“First, responding law enforcement personnel are not medical providers, and inconsistencies in their classification of postnaloxone symptoms or behaviors might have occurred. However, NYSP personnel have been reporting using a similar form for several years and are experienced in assessing symptoms and behaviors. Second, the number of 8-mg intranasal naloxone administration reports included was limited because only three of 11 NYSP troops received this formulation. With an increased sample size, additional differences in outcomes between groups might have been observed,” they explained. “Third, no information could be compared about differences between groups on the type or dose of substance used before suspected overdose, vital signs, or demographics. Finally, because the data were gathered from New York State only, the opioid potency might not reflect that in other areas.”

Although the “study suggests that there are no benefits to law enforcement administration of higher-dose naloxone,” the authors said that “additional data are needed to guide public health agencies in considering whether the 8-mg intranasal naloxone product provides benefits compared with the usual 4-mg intranasal naloxone product among community organizations, including law enforcement, given the lack of difference in survival rates or number of naloxone doses administered and the increased prevalence of opioid withdrawal signs and symptoms, including vomiting, in 8-mg recipients, when compared with recipients of 4-mg intranasal naloxone.”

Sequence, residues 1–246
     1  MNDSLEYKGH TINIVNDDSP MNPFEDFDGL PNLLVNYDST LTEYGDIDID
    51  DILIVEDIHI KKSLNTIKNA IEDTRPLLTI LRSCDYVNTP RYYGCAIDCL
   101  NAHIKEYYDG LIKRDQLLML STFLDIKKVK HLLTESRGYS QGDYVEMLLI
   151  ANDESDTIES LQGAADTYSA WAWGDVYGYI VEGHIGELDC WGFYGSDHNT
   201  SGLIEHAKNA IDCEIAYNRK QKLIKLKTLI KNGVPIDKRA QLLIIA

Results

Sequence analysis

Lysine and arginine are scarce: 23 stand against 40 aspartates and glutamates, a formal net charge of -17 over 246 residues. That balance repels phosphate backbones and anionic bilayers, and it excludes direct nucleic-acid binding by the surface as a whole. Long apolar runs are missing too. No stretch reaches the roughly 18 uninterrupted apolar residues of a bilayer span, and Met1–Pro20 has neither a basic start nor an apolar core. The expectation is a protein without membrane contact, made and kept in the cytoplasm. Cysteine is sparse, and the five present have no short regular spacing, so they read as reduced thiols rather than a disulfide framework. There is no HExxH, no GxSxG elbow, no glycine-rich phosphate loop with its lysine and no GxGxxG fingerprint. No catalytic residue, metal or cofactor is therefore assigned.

1 comment
    In reality a dose of Naloxone that’s ‘just enough’ to reverse the respiratory depression in an opioid overdose is what’s needed and this is a perfect example of the truthful saying ‘more is not necessarily better’.
    I don’t think the greater likelihood of vomiting is really an issue, since the patient has virtually always regained a good level of consciousness by that stage and so isn’t likely to asphyxiate on on inhaled vomit, BUT what is no doubt a real issue is that a large portion of these patients are addicts and hence, with the induction of extremely unpleasant symptoms of withdrawal from a decent dose of a narcotic antagonist (naloxone), they will very likely be even more inclined to immediately seek another dose of opioid to extinguish the withdrawal symptoms – with the huge risk that as the naloxone wears off another dose of opioid will combine with the likely remaining amount of the previous dose still in their system to create yet another quite possibly fatal overdose!
    That’s the ‘roller coaster’ of severe opioid addiction (which is only exhaggerated thanks to prohibition).